Ameren Illinois has assigned more than 150 field and support personnel to restore electricity service to about 5,100 customers in the Kewanee and La Salle areas.
Late Friday afternoon, severe storms with high winds caused extensive damage to the Ameren Illinois electricity distribution system – including downed poles and wires – in portions of Henry, Bureau and La Salle counties.
In response to this significant challenge, Ameren Illinois activated the Emergency Operations Center to direct the service restoration effort.
Ameren Illinois estimates that most Kewanee area customers will have their electricity service restored by 4:00 p.m. noon today. In the La Salle area, most customers are expected to have their service restored by 8:00 p.m., with the remainder restored by 12:00 a.m. midnight.
However, any additional storms today could slow the service restoration effort or cause new service outages. Heavy early morning rain today was making service restoration work more difficult and dangerous.
Ameren Illinois officials issued a safety warning to all residents in the impacted areas to be on alert for downed electrical wires. Residents should stay away from downed wires. Furthermore, stay away from brush, downed trees and limbs and any debris that may conceal downed power lines.
If you see a fallen or sagging wire, assume that it is still energized and dangerous. Electric power lines can carry power even after being knocked to the ground. Stay away and warn others to do the same. Call Ameren Illinois (AmerenCIPS – 1-888-789-2477, AmerenCILCO – 1-888-672-5252, AmerenIP – 1-800-755-5000) to report downed wires.
Customers planning to use a portable generator must first open the main breaker or remove the main fuses before connecting the generator to the electrical systems. Failure to do this could seriously injure utility crews working on outside power lines, and/or cause damage to a neighbor's property or the customer's own equipment. Customers must never use a portable generator indoors, including in a home, garage, basement, shed or partially-enclosed area – even with ventilation because of the threat of deadly carbon monoxide poisoning.
Outage information is available at www.IllinoisOutage.com. Users can find outages listed by zip code and by county. The website also includes safety and weather information.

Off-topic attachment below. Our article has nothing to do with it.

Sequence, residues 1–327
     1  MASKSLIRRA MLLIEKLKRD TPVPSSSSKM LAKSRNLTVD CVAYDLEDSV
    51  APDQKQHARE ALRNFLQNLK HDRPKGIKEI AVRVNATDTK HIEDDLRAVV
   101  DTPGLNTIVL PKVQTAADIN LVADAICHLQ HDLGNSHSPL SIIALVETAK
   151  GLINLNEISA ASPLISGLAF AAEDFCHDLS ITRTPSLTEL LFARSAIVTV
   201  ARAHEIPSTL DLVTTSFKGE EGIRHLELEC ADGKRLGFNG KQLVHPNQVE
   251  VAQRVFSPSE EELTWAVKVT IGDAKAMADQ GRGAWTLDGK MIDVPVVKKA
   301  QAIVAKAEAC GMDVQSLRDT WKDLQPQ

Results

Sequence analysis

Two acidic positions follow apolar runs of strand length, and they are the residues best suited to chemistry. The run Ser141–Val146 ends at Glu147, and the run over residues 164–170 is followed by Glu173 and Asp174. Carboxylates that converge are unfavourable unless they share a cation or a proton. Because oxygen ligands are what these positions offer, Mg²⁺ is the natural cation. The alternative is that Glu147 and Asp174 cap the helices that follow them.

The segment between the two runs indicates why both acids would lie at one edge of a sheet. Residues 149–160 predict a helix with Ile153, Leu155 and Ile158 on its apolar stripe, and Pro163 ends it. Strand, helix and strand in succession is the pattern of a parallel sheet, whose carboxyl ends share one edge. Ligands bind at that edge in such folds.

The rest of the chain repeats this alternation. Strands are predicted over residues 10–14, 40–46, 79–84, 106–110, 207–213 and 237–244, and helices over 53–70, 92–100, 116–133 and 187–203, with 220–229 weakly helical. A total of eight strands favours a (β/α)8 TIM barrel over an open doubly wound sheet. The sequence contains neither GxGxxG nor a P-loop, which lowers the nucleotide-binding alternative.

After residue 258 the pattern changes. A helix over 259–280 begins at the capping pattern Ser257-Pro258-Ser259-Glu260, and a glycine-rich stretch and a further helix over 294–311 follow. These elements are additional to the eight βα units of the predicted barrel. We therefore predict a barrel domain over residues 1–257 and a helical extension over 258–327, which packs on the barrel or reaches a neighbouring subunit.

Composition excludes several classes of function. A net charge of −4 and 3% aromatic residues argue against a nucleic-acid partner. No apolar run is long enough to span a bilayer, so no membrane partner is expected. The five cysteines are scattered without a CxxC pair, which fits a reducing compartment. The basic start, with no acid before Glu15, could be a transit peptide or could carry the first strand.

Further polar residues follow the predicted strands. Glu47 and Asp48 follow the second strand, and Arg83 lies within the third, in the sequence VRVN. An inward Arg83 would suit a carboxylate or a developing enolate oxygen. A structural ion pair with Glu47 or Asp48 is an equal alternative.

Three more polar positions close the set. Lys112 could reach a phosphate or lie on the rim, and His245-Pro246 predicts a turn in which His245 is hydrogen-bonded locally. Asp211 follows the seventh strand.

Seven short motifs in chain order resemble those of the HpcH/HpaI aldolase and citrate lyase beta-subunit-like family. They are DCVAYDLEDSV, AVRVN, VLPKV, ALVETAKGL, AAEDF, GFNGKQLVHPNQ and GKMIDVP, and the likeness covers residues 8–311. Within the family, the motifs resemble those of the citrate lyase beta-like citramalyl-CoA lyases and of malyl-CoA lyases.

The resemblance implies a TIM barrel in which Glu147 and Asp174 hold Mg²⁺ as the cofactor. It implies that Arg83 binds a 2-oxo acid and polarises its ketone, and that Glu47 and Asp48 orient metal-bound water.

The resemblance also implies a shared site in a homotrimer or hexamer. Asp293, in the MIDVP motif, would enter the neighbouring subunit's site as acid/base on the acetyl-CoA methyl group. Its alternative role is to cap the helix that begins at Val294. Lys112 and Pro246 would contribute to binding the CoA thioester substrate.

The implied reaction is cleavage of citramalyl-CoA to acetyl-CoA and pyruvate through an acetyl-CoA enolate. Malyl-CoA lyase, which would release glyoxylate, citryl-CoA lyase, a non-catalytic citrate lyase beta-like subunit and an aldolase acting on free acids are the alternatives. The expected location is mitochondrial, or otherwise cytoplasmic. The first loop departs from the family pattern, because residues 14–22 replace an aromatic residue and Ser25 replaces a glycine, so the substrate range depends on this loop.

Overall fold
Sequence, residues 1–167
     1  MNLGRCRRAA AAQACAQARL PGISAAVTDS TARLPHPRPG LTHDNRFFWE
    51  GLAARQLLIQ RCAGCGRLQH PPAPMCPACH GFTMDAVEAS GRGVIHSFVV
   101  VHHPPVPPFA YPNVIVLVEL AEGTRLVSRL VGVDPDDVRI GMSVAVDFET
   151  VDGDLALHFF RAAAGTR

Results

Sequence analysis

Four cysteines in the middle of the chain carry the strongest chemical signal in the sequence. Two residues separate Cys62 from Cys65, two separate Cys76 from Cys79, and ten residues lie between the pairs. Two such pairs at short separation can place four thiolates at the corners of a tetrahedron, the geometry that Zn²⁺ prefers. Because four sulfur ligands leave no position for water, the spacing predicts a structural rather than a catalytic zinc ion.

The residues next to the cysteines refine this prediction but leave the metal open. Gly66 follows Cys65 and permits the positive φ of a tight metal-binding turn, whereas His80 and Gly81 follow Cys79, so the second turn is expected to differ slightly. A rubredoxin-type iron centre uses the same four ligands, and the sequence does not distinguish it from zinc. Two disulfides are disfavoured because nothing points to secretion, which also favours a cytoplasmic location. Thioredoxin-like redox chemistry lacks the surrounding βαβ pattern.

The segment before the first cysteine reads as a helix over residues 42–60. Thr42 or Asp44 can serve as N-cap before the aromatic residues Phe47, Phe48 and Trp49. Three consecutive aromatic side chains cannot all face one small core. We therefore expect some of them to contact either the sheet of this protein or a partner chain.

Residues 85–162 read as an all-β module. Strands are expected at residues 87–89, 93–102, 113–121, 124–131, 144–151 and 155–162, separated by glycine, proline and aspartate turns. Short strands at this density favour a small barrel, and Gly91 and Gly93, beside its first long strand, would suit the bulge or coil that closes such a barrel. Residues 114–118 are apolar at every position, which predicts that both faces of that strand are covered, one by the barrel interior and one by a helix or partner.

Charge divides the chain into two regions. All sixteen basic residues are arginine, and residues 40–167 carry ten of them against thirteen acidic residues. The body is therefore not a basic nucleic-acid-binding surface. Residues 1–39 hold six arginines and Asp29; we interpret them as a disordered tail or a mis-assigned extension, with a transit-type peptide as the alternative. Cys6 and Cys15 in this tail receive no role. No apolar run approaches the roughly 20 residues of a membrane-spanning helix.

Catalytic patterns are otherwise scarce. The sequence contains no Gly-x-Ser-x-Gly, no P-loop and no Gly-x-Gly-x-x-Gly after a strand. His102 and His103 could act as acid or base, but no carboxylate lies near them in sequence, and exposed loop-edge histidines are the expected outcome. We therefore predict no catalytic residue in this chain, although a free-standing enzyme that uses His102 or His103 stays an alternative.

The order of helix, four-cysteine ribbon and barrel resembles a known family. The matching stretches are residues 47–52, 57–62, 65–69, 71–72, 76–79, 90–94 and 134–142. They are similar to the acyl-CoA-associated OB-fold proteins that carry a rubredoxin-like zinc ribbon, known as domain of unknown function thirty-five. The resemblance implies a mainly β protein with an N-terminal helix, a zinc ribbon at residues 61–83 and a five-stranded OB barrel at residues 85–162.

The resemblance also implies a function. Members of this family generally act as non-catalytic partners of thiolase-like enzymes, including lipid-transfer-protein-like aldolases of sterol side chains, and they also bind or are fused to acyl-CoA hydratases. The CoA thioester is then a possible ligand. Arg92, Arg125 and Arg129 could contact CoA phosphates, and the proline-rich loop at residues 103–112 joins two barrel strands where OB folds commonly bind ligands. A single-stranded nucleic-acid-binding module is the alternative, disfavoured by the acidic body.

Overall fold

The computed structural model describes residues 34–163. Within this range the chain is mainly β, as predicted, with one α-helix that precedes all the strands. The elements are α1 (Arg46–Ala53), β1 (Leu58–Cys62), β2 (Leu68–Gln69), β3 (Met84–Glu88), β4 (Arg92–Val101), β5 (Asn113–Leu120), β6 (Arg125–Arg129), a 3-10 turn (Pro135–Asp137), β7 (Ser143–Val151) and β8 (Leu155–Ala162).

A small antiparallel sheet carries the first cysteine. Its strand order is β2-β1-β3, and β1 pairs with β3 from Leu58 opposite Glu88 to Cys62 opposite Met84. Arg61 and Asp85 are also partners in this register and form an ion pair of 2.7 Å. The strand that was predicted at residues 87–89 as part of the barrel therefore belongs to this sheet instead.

Those using mobile devices are invited to visit www.Ameren.Mobi for outage information. This site is specially designed for mobile devices.
Ameren Illinois (AmerenCIPS, AmerenCILCO, AmerenIP) has been providing safe, reliable energy delivery service for more than a century. Ameren Illinois delivers energy to 1.2 million electric and 813,000 natural gas customers in more than 1,200 communities within a 43,700-square-mile service territory throughout Downstate Illinois.
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Ameren Illinois offers these tips for your safety and for coping with power outages:
Check on the elderly. If you know an elderly person in your neighborhood that is without power, check on that person’s health.
Drink water. It is especially important to drink plenty of water during hot summer weather. Make certain pets have ample water.
Watch out for downed wires. If you see a fallen or sagging wire, assume that it is still energized and dangerous. Electric power lines can carry power even after being knocked to the ground. Stay away and warn others to do the same.
Pull some plugs. Turn off or disconnect the refrigerator, freezer, television, air conditioner and other major appliances that would go on automatically when the power is restored. This precaution will avoid overloading a circuit when power comes back on – and the chance of a second interruption. After power is restored, turn them on one at a time.
Flip a switch. Turn one or two light switches on so you will know when your service is restored.
There are also some steps you can take during and after a storm to ensure the safety of your family, home and pets.
Keep your food cold. Resist the urge to peek in on the refrigerator and freezer. Food will stay cold or frozen longer if the appliance stays closed.
Use caution with your food. Check with your local health department and remember the rule, “When in doubt, throw it out!”
The University of Illinois Extension Service says these foods should be discarded after four hours without power:
These foods should be safe for a few days without power: